A settlement that orders $20 million in restitution to affected consumers, and a $5 million civil money penalty (CMP) has been reached between a large debt-settlement services company and the federal consumer financial protection agency, the agency announced Tuesday.
However, the Consumer Financial Protection Bureau (CFPB) said it will “remit” about 10% of the penalty “in light of” a penalty the company was also ordered to pay to the Federal Deposit Insurance Corp. (FDIC).
The settlement is subject to approval by federal court.
The bureau said it had settled its lawsuit against Freedom Debt Relief, LLC (of San Mateo, Calif.) which CFPB described as the nation’s largest debt-settlement services provider. In a release, the bureau said the settlement, in addition to the restitution of $20 million to affected consumers and the $5 million (reduced by $493,000 paid to the FDIC), enjoins Freedom Debt Relief from engaging in conduct outlined in the lawsuit brought by the consumer bureau.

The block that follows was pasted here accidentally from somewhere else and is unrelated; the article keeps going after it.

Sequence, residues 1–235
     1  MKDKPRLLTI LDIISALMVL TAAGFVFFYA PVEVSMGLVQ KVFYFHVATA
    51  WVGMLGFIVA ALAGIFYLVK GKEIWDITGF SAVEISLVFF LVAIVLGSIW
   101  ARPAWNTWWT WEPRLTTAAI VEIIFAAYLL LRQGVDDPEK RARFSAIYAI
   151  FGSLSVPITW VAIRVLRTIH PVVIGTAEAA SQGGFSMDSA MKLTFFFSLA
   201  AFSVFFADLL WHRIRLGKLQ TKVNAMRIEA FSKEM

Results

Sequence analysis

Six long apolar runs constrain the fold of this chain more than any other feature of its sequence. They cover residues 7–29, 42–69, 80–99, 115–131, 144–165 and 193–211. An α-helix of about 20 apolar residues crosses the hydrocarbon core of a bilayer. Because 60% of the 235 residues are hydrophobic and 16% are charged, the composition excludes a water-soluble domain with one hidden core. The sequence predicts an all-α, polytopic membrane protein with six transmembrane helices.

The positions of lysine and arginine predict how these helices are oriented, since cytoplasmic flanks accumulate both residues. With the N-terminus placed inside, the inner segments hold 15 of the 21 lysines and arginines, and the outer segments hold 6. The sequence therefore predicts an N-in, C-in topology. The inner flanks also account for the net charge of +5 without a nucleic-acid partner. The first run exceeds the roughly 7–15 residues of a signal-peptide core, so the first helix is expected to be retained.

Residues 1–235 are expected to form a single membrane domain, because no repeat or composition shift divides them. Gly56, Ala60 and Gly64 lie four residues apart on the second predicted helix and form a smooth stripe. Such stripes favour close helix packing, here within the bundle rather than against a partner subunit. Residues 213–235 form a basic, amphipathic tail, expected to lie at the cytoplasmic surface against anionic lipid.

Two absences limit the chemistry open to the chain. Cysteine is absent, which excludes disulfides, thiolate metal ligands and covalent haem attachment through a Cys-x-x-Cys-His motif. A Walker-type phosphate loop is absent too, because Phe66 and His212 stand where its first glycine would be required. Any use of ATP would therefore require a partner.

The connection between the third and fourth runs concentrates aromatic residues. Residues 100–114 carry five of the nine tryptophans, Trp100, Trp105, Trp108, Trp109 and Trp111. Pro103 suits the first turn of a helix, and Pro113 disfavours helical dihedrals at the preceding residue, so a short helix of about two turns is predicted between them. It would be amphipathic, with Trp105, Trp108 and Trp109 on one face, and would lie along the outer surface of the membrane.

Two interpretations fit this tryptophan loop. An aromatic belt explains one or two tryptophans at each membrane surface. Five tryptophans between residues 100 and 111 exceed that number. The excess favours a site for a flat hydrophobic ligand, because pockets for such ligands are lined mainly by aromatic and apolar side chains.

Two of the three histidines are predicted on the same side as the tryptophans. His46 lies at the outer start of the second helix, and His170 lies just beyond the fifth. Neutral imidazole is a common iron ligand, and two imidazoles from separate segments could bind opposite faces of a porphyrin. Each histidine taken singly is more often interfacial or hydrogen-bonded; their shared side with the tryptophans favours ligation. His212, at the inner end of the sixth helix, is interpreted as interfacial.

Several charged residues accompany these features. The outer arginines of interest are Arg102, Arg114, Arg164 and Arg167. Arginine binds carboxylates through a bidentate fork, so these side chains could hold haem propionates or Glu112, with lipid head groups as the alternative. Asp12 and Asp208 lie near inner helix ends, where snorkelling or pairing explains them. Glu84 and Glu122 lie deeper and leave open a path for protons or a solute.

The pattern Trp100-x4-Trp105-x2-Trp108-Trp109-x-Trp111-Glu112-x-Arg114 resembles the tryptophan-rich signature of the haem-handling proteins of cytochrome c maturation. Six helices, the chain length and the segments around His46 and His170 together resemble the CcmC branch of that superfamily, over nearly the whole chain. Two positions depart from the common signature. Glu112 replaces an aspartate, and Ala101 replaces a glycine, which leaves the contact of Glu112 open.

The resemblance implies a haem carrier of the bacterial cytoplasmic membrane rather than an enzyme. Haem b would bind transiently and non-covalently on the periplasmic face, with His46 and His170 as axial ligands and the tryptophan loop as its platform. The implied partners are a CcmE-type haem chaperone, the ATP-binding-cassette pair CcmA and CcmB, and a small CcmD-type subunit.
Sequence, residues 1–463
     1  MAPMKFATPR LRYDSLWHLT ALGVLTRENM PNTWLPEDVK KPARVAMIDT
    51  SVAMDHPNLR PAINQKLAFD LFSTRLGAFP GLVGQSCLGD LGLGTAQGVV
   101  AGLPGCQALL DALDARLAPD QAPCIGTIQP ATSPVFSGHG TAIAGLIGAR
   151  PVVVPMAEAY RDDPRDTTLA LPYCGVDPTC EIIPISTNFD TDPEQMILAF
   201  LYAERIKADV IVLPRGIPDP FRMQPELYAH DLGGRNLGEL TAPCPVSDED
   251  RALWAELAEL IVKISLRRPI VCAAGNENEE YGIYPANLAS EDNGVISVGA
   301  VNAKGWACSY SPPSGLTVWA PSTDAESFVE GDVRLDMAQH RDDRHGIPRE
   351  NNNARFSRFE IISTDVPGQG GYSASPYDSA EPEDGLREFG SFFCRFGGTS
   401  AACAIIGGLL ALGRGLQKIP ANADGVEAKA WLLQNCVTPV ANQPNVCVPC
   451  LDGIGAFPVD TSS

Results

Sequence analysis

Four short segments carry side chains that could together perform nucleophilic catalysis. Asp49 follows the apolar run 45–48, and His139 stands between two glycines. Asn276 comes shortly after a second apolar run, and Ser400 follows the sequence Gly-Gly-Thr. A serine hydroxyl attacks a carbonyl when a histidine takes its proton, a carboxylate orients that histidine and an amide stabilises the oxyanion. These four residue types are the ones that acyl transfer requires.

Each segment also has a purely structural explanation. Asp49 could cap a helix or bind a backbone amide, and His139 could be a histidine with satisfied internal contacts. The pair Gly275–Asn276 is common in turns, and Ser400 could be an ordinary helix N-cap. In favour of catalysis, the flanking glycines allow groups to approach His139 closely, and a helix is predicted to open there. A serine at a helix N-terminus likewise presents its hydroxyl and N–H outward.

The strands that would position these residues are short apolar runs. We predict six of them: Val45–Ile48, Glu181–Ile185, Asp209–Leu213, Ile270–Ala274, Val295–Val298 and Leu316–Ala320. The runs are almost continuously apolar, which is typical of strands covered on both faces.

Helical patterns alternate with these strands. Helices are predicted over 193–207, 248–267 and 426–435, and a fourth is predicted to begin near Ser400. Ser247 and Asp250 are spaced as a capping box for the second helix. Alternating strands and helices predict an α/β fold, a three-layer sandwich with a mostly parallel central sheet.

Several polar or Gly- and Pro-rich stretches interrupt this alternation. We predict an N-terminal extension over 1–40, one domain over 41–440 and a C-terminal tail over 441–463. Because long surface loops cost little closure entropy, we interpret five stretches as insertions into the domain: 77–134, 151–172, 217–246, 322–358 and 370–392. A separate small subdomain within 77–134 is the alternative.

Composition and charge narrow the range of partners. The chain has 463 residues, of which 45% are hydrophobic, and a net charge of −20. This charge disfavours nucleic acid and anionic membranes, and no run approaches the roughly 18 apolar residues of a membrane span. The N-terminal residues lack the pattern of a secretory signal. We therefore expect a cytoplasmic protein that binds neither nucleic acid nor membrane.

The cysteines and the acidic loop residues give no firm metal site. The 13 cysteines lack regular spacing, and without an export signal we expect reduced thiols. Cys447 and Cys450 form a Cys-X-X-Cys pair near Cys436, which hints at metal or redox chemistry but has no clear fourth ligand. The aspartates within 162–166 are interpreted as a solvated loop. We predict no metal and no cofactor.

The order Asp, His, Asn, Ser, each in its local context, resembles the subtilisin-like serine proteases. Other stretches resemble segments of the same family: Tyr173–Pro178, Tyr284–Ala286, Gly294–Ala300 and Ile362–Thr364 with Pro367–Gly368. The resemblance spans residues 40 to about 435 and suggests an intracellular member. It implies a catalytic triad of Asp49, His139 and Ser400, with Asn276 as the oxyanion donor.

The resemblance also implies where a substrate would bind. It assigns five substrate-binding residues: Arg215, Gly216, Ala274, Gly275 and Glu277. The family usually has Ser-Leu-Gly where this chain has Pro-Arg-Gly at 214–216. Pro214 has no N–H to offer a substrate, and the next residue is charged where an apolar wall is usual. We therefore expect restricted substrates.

CFPB had alleged that the company violated the bureau’s Telemarketing Sales Rule by “charging advance fees and failing to inform consumers of their rights to funds they deposited with the company.” The agency said it had also alleged that Freedom Debt Relief violated the Consumer Financial Protection Act of 2010 by charging consumers without settling their debts as promised, charging consumers after having them negotiate their own settlements with creditors, and misleading consumers about the company’s fees and its ability to negotiate directly with all of a consumer’s creditors.